Maximizing fulfillment efficiency is an ongoing process and a major goal of every successful warehouse operation, particularly in a consumer landscape shaped by the impacts of the COVID-19 pandemic.
Consumers have increasingly turned to eCommerce for their purchasing needs, and understandably so, as they sought to avoid spaces where virus exposure was a risk. As such, the shift from shopping brick-and-mortar to digital has accelerated by almost five years – with both orders and returns experiencing a significant boom.
To keep pace with these changes, warehouse managers must identify opportunities for growth in both their fulfillment & reverse logistics processes and implement optimizations that achieve speed and efficiency. Let’s cover some basic ways that fulfillment efficiency can be maximized to meet consumer demand.
Investigate layout redesign
The simplest and most foundational place for warehouse managers to start is by assessing the warehouse layout itself. The value created by other optimizations can be hampered significantly if the layout is inadequate, therefore it’s important to prioritize improvements here first if possible.
When rethinking the warehouse layout, consider the typical flow of goods, people, and equipment through the facility – especially if those flows have changed recently due to shifts in other parts of the supply chain. Even small inefficiencies incrementally stack up to wasted time, labor and money. An updated map of the warehouse can be useful to help visualize movement flow and assist in identifying effective change opportunities.
The layout should also be assessed for optimization opportunities, beginning with defining or even redefining the requirements you are working within. Does the current arrangement fit these needs? If not, where might the system be enhanced for greater efficiency? While warehouse capacity fluctuates, operators should take a hard look at their basics and get the most out of their layout in order to stay competitive and maximize performance.
Increase inventory visibility
Faster order fulfillment times are made possible when inventory visibility is heightened, so optimizations that focus on digital transformation in this area often have significant impacts on overall performance. Radio-frequency identification (RFID) tags or other IoT devices are an effective way of achieving this aim.
When inventory is managed using IoT devices transmitting real-time data, picking and stocking efficiency can be significantly increased. Additionally, inventory levels can be more dynamically controlled, and automatic triggers can be enabled to ensure stock levels match demand more closely.
IoT devices like RFID tags or smart shelves aren’t exactly new tech, but adoption continues to lag behind need in many cases. A recent study into retail tech reports that 30 percent of retailers are making supply chain upgrades to RFID or have plans in place within the next two years.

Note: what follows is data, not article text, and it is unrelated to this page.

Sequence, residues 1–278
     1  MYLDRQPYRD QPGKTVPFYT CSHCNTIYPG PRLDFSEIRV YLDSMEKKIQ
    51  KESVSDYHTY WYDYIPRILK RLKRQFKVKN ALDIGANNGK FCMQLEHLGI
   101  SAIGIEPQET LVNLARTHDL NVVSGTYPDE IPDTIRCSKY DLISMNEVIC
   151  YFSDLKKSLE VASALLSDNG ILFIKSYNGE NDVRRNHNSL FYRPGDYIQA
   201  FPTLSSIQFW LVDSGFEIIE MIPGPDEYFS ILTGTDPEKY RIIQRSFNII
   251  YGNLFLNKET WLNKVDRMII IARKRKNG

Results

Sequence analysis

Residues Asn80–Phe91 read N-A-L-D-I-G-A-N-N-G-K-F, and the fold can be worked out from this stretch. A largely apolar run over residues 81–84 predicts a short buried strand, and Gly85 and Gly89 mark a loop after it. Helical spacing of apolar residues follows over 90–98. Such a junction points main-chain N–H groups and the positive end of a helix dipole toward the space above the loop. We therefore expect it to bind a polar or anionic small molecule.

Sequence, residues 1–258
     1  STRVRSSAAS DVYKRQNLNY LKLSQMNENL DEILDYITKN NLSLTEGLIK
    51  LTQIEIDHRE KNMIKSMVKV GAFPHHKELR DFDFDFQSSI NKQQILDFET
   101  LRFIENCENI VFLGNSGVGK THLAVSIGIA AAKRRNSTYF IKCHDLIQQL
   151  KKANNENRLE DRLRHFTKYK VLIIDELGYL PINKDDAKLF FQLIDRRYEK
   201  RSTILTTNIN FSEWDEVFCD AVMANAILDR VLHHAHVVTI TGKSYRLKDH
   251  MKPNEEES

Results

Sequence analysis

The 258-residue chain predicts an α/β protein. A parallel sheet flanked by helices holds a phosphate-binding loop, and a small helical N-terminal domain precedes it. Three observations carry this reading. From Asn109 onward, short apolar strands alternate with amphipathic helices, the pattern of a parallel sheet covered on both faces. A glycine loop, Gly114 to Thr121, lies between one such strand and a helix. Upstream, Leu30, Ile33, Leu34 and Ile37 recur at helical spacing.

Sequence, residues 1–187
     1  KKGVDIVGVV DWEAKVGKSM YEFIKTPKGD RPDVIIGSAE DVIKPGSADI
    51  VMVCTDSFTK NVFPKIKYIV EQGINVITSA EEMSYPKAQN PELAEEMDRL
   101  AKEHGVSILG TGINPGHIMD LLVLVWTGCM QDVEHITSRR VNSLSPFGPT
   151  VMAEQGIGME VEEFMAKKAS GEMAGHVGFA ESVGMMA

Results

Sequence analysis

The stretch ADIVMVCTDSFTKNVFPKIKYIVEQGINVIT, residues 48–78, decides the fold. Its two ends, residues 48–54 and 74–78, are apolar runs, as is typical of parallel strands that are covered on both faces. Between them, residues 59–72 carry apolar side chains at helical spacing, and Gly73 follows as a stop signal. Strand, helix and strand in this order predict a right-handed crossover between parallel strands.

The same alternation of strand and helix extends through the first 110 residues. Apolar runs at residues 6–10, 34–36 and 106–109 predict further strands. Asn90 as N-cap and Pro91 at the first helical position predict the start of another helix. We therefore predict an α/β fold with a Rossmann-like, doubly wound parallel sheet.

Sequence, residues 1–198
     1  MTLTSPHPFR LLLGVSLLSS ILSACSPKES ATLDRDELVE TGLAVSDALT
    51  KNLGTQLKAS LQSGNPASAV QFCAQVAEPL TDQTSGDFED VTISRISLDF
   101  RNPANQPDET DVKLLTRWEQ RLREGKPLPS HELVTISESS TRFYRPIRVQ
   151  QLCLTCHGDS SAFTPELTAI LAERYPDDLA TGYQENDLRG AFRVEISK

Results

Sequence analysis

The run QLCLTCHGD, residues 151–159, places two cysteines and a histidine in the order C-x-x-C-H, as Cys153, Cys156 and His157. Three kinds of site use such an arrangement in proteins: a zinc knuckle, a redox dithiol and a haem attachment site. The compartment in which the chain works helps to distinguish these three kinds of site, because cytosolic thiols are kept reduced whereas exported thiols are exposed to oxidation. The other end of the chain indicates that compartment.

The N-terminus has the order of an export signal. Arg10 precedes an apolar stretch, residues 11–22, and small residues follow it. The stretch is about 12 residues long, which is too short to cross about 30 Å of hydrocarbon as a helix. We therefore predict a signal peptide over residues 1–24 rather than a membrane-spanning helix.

Furthermore, 17 percent of retailers from the same study indicate intentions to realize real-time inventory visibility within the next year. Smart warehouse operators should be focusing on this area if they aren’t already before it’s too late to catch up to their competitors.
In addition to increased engagement with IoT technology, the pandemic has sped up the adoption of more sophisticated technologies like warehouse robotics. Statista reports the warehouse automation market is expected to hit approximately $15 billion globally in 2021 (an increase of one third in five years), climbing up to just over $30 billion by 2026.
Interestingly, as of 2016, only 10 percent of warehouses operating in the U.S. were using automated technologies. This demonstrates an enormous opportunity for warehouse managers to enhance and expedite operations through robotic automation.
It’s important to highlight that COVID-19 isn’t the only reason to look towards robotics and increased automation. The Amazon Effect, described as the retail disruption caused by the giant’s influence on increased commerce, has raised consumer expectations so high it seems the only way to compete is through automation.
Services such as Amazon Prime entice people to buy more, more often with the expectation that they’ll receive free, same day delivery. It’s no wonder the average retailer is looking for ways to speed up their supply chains and offer same-day service. With the help of robotics, fulfillment times can keep up with high expectations.
COVID-19 has presented a number of challenges in keeping up fulfillment efficiency, however, smart warehouse managers can turn these challenges into opportunities to pull ahead of the competition. From optimizing basic warehouse layout to increasing inventory visibility, and even stepping into the future with automation, there’s enormous opportunity for order fulfillment to gather speed in 2021 and beyond.